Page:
Eggers keeps laughs coming at Morse tea

If a student had listened to a few minutes of author Dave Eggers’ reading at a Morse College Master’s Tea Thursday, she might have believed he had banned bicycle shorts from all but professional riders and set out with his wife to get rid of genocide.

Speaking to a packed house of over 100 audience members, Eggers — who has written books including the bestselling “A Heartbreaking Work of Staggering Genius” — kept listeners laughing as he described his life, his writing and his current community service endeavors.

Morse Master Frank Keil called Eggers one of the most exciting writers to come along in decades. But Keil was quick to note that Eggers’ work extends beyond just writing books, including such activities as running an independent publishing house out of Iceland and operating a summer camp for young writers in the San Francisco Bay area.

Eggers revealed his passion for activism in a reading from one of his current projects. As a possible solution for global warming, Eggers suggested turning every building into a massive solar and wind power plant, calling the idea “the Age of Wind and Sun.” On the more humorous side, he proposed that the influence of special interest groups could be reduced by deporting all of the lobbyists to Greenland.

“On a roll, we decided to get rid of genocide,” Eggers read. “We eliminated all armies and created a special force of 20,000 troops under the auspices of the U.N. that could respond to any crisis in 36 hours.”

Eggers said this would be preferable to the current situation, in which “800,000 [are] dead in Rwanda in a month and the U.N. sends 12 Belgians to stop the fighting.”

In addition to writing, Eggers founded 826 Valencia, a San Francisco writing lab for city youth. Keil said this reflects the writer’s altruism.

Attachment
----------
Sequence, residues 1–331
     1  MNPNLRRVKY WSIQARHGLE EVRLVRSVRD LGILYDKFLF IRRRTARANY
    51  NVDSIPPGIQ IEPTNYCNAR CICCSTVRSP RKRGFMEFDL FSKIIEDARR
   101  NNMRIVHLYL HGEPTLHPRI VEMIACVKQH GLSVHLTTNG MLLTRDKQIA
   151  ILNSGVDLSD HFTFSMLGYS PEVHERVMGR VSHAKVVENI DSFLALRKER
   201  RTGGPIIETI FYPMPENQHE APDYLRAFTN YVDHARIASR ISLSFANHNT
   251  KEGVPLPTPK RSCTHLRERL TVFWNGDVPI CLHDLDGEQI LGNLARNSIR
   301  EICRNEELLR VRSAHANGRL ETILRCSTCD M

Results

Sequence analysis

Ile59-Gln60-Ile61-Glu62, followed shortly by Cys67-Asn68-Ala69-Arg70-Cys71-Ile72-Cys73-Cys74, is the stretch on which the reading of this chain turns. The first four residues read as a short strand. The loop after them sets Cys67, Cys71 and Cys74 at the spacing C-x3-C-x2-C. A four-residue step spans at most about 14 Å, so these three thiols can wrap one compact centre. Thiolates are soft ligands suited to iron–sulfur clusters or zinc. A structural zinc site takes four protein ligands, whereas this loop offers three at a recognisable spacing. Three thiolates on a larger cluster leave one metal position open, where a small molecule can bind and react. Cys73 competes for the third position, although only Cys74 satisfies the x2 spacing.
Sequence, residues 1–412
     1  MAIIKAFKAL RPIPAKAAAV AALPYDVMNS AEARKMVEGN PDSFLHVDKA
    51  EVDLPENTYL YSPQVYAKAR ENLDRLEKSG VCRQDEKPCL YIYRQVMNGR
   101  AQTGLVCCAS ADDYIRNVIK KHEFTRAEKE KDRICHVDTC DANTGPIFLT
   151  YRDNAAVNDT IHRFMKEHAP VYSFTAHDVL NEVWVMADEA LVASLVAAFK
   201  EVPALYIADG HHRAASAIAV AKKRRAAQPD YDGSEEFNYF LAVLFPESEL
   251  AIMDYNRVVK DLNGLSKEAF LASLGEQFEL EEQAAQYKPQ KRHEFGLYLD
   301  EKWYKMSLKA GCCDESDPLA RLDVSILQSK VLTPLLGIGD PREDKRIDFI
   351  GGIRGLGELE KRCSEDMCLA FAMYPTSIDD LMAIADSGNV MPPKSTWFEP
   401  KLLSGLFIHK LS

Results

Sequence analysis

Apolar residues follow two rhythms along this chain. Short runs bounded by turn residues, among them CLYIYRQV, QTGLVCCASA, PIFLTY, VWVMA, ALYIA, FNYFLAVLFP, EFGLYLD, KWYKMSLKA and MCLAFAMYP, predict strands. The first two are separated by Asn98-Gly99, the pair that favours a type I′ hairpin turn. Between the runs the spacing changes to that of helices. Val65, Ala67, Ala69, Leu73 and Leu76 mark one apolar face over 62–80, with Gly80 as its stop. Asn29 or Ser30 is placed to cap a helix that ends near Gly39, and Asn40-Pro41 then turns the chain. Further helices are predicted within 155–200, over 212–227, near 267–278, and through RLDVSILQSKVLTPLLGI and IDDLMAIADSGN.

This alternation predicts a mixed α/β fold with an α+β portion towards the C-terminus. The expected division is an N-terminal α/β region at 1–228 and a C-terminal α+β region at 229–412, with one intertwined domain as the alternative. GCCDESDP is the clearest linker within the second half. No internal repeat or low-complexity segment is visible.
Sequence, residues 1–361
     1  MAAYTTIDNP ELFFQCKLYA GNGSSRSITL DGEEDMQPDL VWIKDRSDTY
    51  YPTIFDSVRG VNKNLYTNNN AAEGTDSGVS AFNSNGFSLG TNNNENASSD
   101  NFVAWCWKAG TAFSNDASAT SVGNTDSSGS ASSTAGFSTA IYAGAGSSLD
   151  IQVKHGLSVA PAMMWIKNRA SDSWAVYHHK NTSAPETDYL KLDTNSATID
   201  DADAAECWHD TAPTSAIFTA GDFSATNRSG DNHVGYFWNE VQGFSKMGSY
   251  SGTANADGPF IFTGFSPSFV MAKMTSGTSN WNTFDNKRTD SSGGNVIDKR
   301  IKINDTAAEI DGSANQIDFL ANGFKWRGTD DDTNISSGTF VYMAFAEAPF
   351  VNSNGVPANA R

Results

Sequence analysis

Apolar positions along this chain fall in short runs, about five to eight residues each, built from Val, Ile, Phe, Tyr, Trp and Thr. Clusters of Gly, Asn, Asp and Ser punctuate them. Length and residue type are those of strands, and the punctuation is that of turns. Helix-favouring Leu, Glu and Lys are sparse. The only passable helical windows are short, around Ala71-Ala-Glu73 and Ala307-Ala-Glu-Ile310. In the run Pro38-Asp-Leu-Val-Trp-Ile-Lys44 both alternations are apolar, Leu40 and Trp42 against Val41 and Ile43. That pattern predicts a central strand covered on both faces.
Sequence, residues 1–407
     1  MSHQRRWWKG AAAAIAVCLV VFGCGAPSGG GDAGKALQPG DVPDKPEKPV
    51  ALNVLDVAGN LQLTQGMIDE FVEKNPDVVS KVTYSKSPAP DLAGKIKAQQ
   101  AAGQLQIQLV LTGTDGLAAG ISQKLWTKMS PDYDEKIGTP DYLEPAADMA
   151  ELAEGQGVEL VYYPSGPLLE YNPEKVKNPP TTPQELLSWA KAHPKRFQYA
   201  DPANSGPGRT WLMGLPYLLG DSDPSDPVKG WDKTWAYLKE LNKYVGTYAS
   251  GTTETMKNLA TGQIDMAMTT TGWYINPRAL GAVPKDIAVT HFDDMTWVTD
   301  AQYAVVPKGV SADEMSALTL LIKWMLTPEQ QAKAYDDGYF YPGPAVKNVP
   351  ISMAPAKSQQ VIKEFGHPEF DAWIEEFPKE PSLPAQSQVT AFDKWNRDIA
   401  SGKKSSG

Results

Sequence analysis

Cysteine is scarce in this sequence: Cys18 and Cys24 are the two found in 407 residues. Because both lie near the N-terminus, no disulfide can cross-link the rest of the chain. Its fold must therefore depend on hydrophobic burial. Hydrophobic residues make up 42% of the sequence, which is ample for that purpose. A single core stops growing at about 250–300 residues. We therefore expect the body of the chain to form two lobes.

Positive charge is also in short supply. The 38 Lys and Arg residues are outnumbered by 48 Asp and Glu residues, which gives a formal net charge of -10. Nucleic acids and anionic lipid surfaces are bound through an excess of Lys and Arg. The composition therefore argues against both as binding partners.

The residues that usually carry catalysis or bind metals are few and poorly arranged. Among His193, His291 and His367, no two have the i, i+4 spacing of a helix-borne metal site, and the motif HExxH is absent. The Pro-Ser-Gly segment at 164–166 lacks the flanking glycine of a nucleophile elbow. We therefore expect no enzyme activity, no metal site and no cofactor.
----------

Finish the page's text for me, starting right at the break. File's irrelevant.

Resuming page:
“[Eggers] has been quite successful, but he gives away most of what he makes,” Keil said.

The writing lab began as a small operation in which Eggers leased a storefront and put a sign on the street announcing free tutoring. Having grown significantly since its modest beginnings, 826 Valencia now has over 500 volunteers actively associated with the organization. It has expanded its offerings, helping to produce student publications and teaching classes such as “Digital Photography” and “Writing for Your Pet.”

Eggers recently became involved in politics.

“I have a pretty nuanced political view,” Eggers said. “I have always understood both sides. My brother worked for [President George W. Bush ’68] in Texas and then in Washington. It is possible to be a compassionate conservative; my brother is, and Bush was one in Texas. But then Bush lost his mind.”

After speaking at Yale, Eggers traveled to New York City, where he spoke at an event meant to raise money for a political action committee aimed at defeating Bush in the upcoming election.

Students rushed to ask Eggers to sign copies of his books after the tea.

“I came to the talk because I really enjoyed the book. But more importantly, I wanted to get my stapler signed,” Anthony Garvan ’06 said, hinting at an inside joke from one of Eggers’ books.

Eggers is currently writing a series of fake reference books for children. The first piece, “Giraffes? Giraffes!” has already been published by McSweeney’s, Eggers’ independent publishing house.

“It answers all of the important questions,” Eggers said. “Like, do giraffes still control everything we see in mirrors?”

Dave Eggers, the author of “You Shall Know Our Velocity,” speaks with Zack Greenburg ’07 at a Morse College Master’s Tea.
Leo Stevens
Dave Eggers, the author of “You Shall Know Our Velocity,” speaks with Zack Greenburg ’07 at a Morse College Master’s Tea.

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